Education, Local News

District 233 board considers adjusting its reserve fund policy

District 233’s having a healthy savings account is a good thing, but should it be a necessity? 

Over the coming months, school board members will be debating whether to continue the policy of maintaining 10 months in reserves or adjust the policy and use some of that money for future expenses at Homewood-Flossmoor High School. The 2023-24 budget shows $57.9 million in reserves, equal to 9.6 months. 

The board used the reserve fund to cover the $16.37 million cost of the Fine Arts wing constructed in 2019-2020, and the board is expected to draw from the reserve fund to cover some costs for the science wing under construction.

At the Aug. 15 board meeting, member Michelle Hoereth asked if the discussion on reserves would be parallel with the board’s adoption of the 2023-24 budget and levy. 

Superintendent Scott Wakeley said, “They can be in parallel, but they don’t depend on each other.” He suggests the board decide by the end of the year if the reserve policy should remain or be adjusted to “allow some latitude to do other projects.”

The board’s 10-month reserve policy, in place for at least a decade, is meant to give the district enough money on hand to operate H-F for one school year. Should state funding be reduced or Cook County be late collecting taxes, District 233 would be able to pay its bills without interruption.

Several years ago, there also was a concern that the Illinois legislature would shift the burden for teacher pensions onto school districts. The reserve fund would have helped cover that expense. 

The board also wanted a strong financial record to earn an excellent rating from Standard & Poors, the global credit rating company, so that the district would always be able to sell bonds on the market. District 233 had an AA+ rating from S&P in 2022 and had no problem selling $20 million in bonds to fund the new science wing and update the culinary and fashion student work areas.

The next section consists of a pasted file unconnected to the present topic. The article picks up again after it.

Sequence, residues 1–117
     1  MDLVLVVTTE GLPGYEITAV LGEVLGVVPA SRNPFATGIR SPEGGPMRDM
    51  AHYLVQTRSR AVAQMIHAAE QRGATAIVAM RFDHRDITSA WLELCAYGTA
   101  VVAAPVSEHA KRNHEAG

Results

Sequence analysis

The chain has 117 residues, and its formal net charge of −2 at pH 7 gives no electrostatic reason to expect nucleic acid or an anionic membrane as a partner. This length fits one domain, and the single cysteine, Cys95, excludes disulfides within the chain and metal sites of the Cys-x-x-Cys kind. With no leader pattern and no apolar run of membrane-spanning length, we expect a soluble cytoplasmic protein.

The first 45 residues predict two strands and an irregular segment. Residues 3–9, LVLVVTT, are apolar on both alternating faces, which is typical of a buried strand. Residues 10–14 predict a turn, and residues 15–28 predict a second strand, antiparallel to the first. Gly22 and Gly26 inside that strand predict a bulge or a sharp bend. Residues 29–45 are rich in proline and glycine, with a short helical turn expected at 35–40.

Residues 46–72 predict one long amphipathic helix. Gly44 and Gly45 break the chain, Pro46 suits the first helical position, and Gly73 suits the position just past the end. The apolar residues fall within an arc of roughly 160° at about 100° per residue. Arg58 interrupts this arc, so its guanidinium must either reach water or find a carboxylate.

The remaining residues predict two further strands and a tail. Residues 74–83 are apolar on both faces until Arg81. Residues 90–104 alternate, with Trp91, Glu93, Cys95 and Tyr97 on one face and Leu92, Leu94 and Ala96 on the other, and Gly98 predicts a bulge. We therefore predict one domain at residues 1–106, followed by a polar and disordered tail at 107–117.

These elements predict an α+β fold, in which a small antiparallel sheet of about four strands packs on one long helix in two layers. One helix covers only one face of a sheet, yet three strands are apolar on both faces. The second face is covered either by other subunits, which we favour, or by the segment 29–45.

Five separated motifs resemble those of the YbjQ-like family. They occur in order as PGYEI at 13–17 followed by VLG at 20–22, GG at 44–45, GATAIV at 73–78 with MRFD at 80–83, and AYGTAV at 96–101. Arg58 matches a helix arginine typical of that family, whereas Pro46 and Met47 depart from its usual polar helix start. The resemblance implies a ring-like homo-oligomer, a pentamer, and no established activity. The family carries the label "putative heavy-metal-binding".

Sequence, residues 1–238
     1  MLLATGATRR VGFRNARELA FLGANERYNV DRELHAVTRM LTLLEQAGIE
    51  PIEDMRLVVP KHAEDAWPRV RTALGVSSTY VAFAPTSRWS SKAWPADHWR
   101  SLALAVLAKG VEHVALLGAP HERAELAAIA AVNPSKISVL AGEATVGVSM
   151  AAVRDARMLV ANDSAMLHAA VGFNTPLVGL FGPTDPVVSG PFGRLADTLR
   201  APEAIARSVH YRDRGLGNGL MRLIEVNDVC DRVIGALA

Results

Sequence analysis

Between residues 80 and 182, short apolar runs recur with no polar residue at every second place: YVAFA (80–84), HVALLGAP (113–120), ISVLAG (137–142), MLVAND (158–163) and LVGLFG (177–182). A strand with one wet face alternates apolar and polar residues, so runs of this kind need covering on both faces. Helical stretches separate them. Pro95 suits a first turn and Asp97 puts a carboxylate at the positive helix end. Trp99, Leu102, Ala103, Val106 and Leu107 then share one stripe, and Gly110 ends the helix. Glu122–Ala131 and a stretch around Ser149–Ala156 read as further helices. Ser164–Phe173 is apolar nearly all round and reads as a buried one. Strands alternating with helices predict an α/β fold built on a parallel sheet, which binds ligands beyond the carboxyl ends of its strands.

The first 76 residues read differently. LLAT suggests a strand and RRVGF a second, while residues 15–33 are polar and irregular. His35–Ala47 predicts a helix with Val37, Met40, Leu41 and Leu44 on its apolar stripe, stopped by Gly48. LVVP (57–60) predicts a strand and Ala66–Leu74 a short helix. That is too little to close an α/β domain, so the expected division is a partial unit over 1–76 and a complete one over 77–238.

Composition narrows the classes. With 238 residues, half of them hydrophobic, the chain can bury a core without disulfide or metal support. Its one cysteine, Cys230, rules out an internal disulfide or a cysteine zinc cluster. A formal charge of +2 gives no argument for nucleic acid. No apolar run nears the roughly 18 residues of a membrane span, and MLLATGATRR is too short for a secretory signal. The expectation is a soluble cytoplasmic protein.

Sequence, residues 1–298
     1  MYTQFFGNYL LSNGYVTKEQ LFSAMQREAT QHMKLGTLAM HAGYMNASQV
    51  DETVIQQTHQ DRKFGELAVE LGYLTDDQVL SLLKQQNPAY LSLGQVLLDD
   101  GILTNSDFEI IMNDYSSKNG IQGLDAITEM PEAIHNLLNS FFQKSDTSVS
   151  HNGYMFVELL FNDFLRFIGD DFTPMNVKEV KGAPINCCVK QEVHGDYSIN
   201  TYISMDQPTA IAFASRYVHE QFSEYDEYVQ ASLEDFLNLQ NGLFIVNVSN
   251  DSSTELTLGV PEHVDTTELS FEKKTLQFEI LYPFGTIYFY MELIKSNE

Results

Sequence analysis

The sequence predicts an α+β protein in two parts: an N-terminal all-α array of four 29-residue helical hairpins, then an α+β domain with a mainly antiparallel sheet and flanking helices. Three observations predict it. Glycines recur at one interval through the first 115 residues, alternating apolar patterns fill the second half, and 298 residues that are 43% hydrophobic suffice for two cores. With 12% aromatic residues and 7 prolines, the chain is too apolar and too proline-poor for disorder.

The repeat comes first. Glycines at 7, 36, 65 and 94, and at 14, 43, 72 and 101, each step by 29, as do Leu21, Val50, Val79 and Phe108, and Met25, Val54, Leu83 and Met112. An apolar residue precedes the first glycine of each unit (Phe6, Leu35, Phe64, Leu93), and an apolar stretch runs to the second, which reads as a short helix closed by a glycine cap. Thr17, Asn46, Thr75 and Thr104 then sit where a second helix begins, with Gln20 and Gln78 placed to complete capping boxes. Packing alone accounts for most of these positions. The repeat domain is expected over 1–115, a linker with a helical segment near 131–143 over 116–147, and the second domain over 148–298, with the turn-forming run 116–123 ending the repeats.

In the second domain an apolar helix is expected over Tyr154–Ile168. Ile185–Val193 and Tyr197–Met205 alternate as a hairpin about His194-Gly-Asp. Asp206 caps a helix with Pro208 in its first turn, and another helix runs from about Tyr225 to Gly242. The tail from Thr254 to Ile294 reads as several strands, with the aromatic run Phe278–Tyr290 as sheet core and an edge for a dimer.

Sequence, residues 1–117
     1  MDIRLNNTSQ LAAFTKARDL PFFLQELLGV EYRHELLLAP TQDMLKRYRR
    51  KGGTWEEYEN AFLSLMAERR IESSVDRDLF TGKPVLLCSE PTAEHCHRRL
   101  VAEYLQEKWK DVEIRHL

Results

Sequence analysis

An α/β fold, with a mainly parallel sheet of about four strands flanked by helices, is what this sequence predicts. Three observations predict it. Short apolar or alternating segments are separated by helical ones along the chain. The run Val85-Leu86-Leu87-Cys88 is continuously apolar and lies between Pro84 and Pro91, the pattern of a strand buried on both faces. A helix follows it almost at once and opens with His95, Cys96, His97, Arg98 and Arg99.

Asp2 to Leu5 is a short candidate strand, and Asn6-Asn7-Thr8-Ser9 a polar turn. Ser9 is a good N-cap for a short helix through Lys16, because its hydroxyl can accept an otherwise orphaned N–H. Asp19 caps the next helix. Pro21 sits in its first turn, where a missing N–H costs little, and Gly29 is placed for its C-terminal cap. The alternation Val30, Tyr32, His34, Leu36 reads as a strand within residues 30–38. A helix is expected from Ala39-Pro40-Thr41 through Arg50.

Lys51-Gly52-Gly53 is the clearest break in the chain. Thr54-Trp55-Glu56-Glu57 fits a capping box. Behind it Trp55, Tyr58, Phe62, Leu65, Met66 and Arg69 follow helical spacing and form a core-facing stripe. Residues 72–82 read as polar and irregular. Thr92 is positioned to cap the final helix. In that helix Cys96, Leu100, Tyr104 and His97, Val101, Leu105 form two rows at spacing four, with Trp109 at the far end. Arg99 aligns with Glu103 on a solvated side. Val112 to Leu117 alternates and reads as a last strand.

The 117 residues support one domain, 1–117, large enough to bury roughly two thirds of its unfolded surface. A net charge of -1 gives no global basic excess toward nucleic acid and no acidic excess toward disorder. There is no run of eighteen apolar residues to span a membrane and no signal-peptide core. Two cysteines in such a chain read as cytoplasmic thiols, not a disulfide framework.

During the February 2022 Finance Committee meeting, member Steve Anderson said, “They (S&P) really discussed how our policy on 10-month reserve was a big deal to them in giving us the AA+ rating.” 

At the Aug. 15 board meeting, Anderson said he would ask Bloom Township School Treasurer Bob Grossi to discuss with the board how changing the 10-month reserve policy could affect the district’s bond rating. 

Wakeley told the board that the business office surveyed 19 suburban Chicago school districts about their reserves. None had 10 months on hand, like District 233 does. One district had just three months, but generally districts held five, six or seven months in reserves, he said.

Several major expenses are on the horizon, said Chief School Business Official Lawrence Cook.  The $20 million the district borrowed won’t cover the full cost of the science wing addition and the remodeling work for culinary and fashion. Cook expects about $7 million additional funding will come from reserves. He’s also anticipating a major expense for replacing the 30-year-old air conditioning units on the South Building. 

Cook also shared with the school board a new Illinois State Board of Education policy for excess fund accumulation taking affect in the 2024-25 school year. It asks school districts to submit a spending reduction plan if the district holds reserves equal to a three-year average of 2.5 times the district’s average combined expenditures in three major funds – the educational fund which pays salaries and benefits; the operations and maintenance fund covering expenses for operating school buildings and maintaining them; and the transportation fund that primarily covering bus costs.

“We’re nowhere near that, and I don’t know any school district in America that carries 2.5 times its expenses,” Anderson said. Wakeley noted H-F would need to have $125 million in reserves to fall under the new law’s mandates. “It is unattainable for us.”

Cook explained that District 233’s fiscal years 2021, 2022 and 2023 combined fund balance for its education, operations and maintenance, and transportation was $45.5 million and the district’s total expenditures for those three years was averaged at $54.2 million. The ratio was 0.84, well below the ISBE mandate, he said.

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